Thyroid Cancer Types, Symptoms, Diagnostics, and Treatment
Thyroid Cancer Types, Symptoms, Diagnostics, and Treatment
Aug 18, 2009
Types of thyroid cancer, symptoms, diagnostic test, and treatment.
Category: Disease & Illness
Classroom: Thyroid Disease Symptoms, Problems, Treatment And Medication





Thyroid Cancer Types, Symptoms, Diagnostics, and Treatment

Common Types:

Papillary: Is responsible for approximately half of the thyroid cancers in adults. It spreads slowly and is common in young adult women.

Follicular: More rare but has a high recurrence rate, spreading to the lymph nodes via blood vessels to the bone, liver, and lungs.

Medullary: This type has a hereditary factor and is curable if detected and treated early. Left untreated it metastasizes (spreads) quickly.

Anaplastic Tumors: Spread fast and are not cured by thyroidectomy or radiation therapy.

Cancerous thyroid tumor

Symptoms of thyroid cancer:

Neck lump - in the front of the neck near the Adam's apple
Neck nodule
Painless neck lump
Neck swelling
Hoarseness
Difficulty speaking
Voice changes
Swollen neck lymph nodes
Swollen lymph nodes
Difficulty swallowing
Difficulty breathing
Throat pain
Neck pain

Diagnostic testing:

Thyroid scan
Scinti-scan shows a “cold,” nonfunctioning nodule. Other tests include
Needle biopsy,
CT scan,
Ultrasonic scan,
Chest X-ray,
Serum alkaline phosphatase, and
Serum calcitonin assay to diagnose medullary cancer

Treatment:

Total or partial thyroidectomy, with modified node dissection on the side of the primary cancer (papillary or follicular cancer)

Total thyroidectomy and radical neck excision (for medullary, giant, or spindle cell cancer)

Radiation (131I) with external radiation for inoperable cancer and after surgery instead of radical neck excision.
Thyroid suppression, with thyroid hormones to suppress TSH production. Administration of medications, such as propranolol to help increase ability to tolerate surgery and radiation

Chemotherapy for widespread metastasis is limited, but doxorubicin can be helpful.

Pre-Op Care:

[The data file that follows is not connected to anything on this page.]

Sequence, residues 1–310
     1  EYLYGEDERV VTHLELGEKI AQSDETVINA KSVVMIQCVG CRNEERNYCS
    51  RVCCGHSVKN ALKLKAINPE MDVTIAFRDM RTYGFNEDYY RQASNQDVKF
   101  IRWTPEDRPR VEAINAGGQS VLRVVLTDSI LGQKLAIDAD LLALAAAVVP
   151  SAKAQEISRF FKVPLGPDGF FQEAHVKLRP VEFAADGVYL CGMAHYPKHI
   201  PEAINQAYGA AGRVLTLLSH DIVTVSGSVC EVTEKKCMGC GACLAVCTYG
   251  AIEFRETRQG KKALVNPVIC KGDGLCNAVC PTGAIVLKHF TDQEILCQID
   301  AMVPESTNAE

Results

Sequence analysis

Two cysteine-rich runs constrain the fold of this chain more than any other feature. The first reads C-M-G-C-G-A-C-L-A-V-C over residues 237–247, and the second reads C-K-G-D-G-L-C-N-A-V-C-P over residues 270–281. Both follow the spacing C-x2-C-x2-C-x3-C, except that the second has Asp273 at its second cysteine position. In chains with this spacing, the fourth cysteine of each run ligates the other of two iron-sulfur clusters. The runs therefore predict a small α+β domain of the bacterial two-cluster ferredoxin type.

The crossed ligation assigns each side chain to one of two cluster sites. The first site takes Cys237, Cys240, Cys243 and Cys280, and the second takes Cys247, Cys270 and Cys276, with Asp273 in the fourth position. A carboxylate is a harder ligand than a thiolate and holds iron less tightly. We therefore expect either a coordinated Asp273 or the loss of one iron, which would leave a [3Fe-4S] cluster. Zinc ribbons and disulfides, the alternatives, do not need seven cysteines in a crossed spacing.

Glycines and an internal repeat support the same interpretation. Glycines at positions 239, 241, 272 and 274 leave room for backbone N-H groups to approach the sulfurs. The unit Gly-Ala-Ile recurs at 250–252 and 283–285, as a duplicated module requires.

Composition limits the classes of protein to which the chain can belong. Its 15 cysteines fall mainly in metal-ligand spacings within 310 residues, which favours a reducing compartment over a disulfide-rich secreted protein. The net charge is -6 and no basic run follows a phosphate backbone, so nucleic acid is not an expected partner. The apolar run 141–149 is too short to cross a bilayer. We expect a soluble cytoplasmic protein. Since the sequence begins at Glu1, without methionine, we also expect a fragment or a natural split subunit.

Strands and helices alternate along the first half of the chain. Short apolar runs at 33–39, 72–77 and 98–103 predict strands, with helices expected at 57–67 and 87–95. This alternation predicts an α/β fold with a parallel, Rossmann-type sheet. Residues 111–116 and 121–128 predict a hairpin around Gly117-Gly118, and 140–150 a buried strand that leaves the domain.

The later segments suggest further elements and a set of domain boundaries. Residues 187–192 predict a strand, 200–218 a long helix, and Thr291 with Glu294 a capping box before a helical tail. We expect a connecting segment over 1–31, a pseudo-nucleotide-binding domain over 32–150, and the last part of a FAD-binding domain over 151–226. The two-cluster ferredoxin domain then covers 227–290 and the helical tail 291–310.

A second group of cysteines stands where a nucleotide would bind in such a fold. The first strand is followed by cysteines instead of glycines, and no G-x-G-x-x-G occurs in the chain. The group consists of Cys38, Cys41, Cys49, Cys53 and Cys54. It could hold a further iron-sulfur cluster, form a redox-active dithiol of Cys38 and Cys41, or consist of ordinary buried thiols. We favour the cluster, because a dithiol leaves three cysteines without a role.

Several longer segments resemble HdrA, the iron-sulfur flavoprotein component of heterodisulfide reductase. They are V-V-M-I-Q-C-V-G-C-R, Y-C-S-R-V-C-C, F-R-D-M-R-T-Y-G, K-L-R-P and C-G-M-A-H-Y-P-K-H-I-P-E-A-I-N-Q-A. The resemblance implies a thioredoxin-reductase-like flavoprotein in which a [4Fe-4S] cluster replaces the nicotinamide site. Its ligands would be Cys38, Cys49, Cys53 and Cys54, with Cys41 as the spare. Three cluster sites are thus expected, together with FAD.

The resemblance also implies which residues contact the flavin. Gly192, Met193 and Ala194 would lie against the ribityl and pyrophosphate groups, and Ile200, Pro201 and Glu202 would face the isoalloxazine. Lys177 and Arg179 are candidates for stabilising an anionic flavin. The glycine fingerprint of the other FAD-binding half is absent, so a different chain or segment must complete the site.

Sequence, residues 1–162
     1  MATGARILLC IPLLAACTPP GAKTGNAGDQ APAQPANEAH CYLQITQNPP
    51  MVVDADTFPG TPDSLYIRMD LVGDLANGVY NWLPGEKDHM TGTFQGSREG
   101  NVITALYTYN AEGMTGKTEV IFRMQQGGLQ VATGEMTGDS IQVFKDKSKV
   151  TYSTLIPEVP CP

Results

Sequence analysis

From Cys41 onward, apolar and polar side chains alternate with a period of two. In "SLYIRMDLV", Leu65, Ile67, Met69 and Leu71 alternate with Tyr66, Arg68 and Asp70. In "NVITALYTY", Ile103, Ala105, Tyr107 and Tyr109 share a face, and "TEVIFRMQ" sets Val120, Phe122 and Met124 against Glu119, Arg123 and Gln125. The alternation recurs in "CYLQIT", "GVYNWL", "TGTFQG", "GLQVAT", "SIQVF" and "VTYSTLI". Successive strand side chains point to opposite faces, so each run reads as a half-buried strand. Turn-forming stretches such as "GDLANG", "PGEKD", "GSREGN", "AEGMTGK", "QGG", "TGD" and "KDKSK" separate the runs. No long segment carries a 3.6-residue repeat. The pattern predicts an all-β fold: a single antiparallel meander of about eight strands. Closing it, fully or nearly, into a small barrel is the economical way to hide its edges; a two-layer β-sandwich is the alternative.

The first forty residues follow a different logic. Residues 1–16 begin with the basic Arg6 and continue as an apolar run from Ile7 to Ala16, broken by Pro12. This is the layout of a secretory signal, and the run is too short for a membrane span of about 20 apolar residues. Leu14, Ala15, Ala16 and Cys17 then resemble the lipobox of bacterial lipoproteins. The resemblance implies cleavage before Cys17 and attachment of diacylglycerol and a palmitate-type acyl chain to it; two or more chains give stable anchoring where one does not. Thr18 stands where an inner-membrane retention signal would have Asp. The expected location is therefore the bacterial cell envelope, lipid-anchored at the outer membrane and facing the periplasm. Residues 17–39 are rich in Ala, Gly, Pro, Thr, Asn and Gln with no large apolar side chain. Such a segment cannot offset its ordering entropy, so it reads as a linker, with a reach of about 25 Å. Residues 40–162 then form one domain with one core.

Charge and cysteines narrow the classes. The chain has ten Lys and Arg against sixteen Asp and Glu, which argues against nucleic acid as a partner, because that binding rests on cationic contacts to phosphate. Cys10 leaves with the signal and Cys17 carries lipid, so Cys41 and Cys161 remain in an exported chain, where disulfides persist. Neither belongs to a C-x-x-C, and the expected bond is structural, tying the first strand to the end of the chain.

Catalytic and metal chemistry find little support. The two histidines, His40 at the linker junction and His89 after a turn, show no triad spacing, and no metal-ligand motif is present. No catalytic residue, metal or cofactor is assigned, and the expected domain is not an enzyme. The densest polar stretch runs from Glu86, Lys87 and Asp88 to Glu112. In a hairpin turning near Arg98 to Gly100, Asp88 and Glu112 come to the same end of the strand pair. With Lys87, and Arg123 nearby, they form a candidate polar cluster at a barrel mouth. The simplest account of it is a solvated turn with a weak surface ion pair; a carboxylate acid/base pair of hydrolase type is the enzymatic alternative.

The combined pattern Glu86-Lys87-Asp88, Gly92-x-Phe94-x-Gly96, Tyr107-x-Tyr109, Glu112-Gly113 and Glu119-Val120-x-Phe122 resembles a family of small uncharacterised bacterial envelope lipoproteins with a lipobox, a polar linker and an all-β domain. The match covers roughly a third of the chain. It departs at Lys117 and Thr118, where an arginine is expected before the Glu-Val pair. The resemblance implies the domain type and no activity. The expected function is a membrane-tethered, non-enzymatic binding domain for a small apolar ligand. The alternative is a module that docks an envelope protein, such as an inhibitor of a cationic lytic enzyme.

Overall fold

The patient is informed there may be temporary voice loss or hoarseness for several days after surgery.

Post-Op Care:

The patient is to remain in a semi-Fowler's position, and pressure on the operative site is to be avoided. The head and neck is supported on sandbags and pillows.

Vital signs, such as respirations, heart rate, and temperature must be monitored regularly. The surgical dressing must be checked for bleeding. Should the patient complain that the dressing is tight, it must be loosened and the physician called right away.

Blood work to check serum calcium levels must be performed daily. Due to the removal of the parathyroid glands, the development of hypocalcemia may occur.

Complications include:

Hemorrhage and shock (elevated pulse rate and hypotension),
Tetany (carpopedal spasm, twitching, and seizures),
Thyroid storm (high fever, severe tachycardia, delirium, dehydration, and extreme irritability), and
Respiratory difficulty due to obstruction (dyspnea, crowing respirations, retraction of neck tissues

Anticipation of patient needs and emergency measures:

Tracheotomy and oxygen equipment in case of respiratory emergency.
Use of continuous steam inhalation
Administration of I.V. fluids or a soft diet may be needed, but many patients are able to eat a regular diet within 24 hours post surgery without any difficulty.

Patients may also benefit from a support group to help with issues of stress related to illness and surgery.

by Barb Hicks, RN/LMT


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